I correspond on a regular basis with a group of writers who also teach at writers’ conferences. We attend other workshops as well, in which we hear how it is important to have an “online presence.” Is an online presence also important for us as classroom teachers? Is it important for our students? I’m fortunate to be able to visit a few classrooms each year, different grade levels, different school districts. I’ve not been in a classroom yet with an active blog, or even a classroom where students have much access to computers apart from scheduled time in the computer lab. It makes me wonder if education has not fully entered the online community.
On the other hand, in my research I visit a number of classroom blogs online. It’s exciting to see what teachers across the country are doing with technology in their classrooms. However, many of the blogs I’ve read are written by the teacher, as a way of giving information to parents and other members of the community about classroom events and students accomplishments; very little content is student-generated.
My recent experiences in education make me wonder if blogging really has a place yet in the classroom. Our teaching time seems limited, with mandates to “teach to the test.” Connecting students with computers is not always convenient. These issues, and more, raise questions in my mind about the relevance of blogging in the classroom.
Why should students blog?
Blogging helps students improve their writing skills with the promise of an authentic audience. Blogging provides the opportunity for interactive learning.
How can we set up a blog and maintain student privacy and safety?
Have students hand write blog posts or type on a word processor and enlist the help of volunteers to enter the posts on the blog. Display student posts in class to read and discuss comments. Always have your students use only their initials or a “user name” to protect their identity. Label photographs with the event, rather than the name of the school, teacher, or students.
How can I set up a blog and work around district firewalls?
Check with the network administrator to find out if the blog platform you want to use is blocked and ask if they will unblock the site or mark your blog URL as safe. Once the URL has been marked as safe, you can complete the initial set up of the blog from a home computer, if necessary.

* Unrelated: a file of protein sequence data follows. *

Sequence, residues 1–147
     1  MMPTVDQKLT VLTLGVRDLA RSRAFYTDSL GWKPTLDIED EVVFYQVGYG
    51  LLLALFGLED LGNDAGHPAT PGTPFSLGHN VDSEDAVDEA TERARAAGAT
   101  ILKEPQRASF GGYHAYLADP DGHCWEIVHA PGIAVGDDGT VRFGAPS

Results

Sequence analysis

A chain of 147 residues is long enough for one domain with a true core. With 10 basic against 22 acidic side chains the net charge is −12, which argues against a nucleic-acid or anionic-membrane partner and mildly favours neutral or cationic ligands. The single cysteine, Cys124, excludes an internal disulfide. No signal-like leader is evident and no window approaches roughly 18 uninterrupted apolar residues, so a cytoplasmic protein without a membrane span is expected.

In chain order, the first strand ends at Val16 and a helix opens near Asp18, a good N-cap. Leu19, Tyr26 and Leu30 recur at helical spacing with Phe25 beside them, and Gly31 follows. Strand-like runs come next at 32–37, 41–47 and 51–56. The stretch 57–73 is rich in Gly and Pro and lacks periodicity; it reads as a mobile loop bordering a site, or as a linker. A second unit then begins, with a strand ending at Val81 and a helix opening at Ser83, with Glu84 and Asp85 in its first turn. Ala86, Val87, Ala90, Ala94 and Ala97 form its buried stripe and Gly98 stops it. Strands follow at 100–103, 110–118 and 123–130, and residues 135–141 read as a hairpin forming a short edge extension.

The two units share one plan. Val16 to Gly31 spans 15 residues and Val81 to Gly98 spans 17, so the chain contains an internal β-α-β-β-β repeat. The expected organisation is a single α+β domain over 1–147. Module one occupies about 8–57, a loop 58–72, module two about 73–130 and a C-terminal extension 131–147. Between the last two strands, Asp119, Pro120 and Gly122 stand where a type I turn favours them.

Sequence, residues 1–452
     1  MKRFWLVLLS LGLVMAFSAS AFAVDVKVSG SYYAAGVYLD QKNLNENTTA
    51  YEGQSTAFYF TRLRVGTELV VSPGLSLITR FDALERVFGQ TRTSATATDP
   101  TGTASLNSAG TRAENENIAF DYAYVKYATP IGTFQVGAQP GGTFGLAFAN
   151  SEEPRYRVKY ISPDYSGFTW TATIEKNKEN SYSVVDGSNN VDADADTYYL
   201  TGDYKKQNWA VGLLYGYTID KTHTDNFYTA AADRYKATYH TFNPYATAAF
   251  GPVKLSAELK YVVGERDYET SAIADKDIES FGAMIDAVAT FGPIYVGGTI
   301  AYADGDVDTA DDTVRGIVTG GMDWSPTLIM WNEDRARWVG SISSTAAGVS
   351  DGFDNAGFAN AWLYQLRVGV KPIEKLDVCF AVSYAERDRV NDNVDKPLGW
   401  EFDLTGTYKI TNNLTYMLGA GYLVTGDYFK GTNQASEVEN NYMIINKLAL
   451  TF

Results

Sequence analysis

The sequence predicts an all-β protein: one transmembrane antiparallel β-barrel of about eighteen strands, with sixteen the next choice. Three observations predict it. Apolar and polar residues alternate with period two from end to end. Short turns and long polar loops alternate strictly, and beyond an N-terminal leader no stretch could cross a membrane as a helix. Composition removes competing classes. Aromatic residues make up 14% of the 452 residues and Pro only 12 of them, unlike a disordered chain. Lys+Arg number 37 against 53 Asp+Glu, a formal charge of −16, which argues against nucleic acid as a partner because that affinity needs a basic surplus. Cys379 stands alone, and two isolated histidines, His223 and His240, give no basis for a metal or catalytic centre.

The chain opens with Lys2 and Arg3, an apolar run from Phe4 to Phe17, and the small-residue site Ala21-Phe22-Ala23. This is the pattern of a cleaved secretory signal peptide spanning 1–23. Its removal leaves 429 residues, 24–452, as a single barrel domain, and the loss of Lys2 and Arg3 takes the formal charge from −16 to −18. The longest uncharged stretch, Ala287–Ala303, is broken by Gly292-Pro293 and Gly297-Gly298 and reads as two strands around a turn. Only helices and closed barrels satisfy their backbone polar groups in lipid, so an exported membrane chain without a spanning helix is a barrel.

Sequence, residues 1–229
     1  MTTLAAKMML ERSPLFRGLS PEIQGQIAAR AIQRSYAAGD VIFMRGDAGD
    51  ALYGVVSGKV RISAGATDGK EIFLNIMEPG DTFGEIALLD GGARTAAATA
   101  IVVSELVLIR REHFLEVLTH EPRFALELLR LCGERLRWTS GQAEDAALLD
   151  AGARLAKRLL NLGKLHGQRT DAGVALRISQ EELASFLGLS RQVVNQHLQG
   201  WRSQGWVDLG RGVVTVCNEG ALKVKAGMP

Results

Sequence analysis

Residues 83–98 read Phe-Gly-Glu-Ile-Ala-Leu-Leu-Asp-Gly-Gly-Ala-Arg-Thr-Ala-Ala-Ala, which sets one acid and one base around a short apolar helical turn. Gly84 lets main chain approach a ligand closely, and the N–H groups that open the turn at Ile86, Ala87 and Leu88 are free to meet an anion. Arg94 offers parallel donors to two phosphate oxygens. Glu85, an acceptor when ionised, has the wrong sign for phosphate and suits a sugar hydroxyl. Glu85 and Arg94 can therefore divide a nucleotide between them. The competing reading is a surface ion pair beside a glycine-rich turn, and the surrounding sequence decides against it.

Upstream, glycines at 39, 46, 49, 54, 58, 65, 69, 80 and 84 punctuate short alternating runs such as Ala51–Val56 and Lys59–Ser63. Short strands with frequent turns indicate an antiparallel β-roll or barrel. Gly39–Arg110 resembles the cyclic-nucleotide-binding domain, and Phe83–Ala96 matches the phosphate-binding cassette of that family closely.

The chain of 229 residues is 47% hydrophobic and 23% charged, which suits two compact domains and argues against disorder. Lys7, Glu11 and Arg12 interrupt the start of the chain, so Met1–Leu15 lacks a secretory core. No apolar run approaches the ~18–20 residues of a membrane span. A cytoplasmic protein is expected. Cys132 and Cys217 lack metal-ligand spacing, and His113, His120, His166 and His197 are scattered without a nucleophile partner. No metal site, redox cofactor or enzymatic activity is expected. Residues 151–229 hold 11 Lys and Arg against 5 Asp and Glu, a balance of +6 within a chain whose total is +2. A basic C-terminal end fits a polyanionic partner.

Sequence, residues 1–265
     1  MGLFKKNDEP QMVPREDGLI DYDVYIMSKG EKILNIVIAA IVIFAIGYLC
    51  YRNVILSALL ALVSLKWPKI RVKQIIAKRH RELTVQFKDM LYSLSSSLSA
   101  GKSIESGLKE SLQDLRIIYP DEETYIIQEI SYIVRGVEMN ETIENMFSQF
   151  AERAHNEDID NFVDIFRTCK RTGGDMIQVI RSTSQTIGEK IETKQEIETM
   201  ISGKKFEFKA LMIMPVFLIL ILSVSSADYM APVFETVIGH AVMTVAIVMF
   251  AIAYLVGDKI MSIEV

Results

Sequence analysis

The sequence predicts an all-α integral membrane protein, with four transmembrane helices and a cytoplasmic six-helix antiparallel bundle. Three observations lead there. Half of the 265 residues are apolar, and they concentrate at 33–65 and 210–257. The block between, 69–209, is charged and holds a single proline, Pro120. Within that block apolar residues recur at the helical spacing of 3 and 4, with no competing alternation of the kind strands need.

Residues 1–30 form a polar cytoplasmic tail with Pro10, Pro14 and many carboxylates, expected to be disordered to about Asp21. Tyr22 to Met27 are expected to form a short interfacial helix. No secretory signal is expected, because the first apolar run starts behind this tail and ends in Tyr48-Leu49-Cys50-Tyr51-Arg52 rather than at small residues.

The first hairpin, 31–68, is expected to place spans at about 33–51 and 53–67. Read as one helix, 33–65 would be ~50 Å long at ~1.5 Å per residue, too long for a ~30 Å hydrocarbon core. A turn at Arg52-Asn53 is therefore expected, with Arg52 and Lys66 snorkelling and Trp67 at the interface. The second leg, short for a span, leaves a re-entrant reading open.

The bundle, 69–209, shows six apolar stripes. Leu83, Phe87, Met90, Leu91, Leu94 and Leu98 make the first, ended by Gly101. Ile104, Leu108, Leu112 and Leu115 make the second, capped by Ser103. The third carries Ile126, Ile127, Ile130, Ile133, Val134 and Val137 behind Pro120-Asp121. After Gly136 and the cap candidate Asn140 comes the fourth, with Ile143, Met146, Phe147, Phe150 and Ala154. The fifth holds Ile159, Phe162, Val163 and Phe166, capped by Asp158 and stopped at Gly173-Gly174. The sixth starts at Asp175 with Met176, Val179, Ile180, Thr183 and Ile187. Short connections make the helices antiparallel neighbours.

Obtain permission to access Edublogs.org, an education-friendly site specifically set up for teachers. Obtain permission to use Blogger.com, with the agreement that the navigation bar will be disabled. This limits the blog’s exposure on the Internet and prevents students from accidentally navigating away from the blog.
How can I make time for blogging?
Rotate groups of students through the blog so that each group posts once a week. Alternatively, assign one group of students to make one (or more) blog posts for a week and then have another group take the next week. Readers may appreciate the consistency more than the frequency.
Incorporate blog posts into routine class assignments, even if students initially write by hand. For example, student notes prior to conducting a classroom debate can be used to begin a conversation on a blog. Post student conclusions from science experiments to start discussions about new learning, how well the conclusions support the hypothesis, and what students would change the next time they performed the experiment.
Summer is a good time to take stock of changes and new ideas we want to incorporate in the new school year. Thinking about this with you has challenged me to consider once again the benefits of blogging – and how it can help me to do my job better – to provide resources for teachers.
Tracie Heskett has taught multiple grades in public and private elementary schools in southwest Washington. She currently writes teacher resource materials and curriculum. She has authored many books for Teacher Created Resources including Blogging in the Classroom, Going Green, and Traits of Good Writing.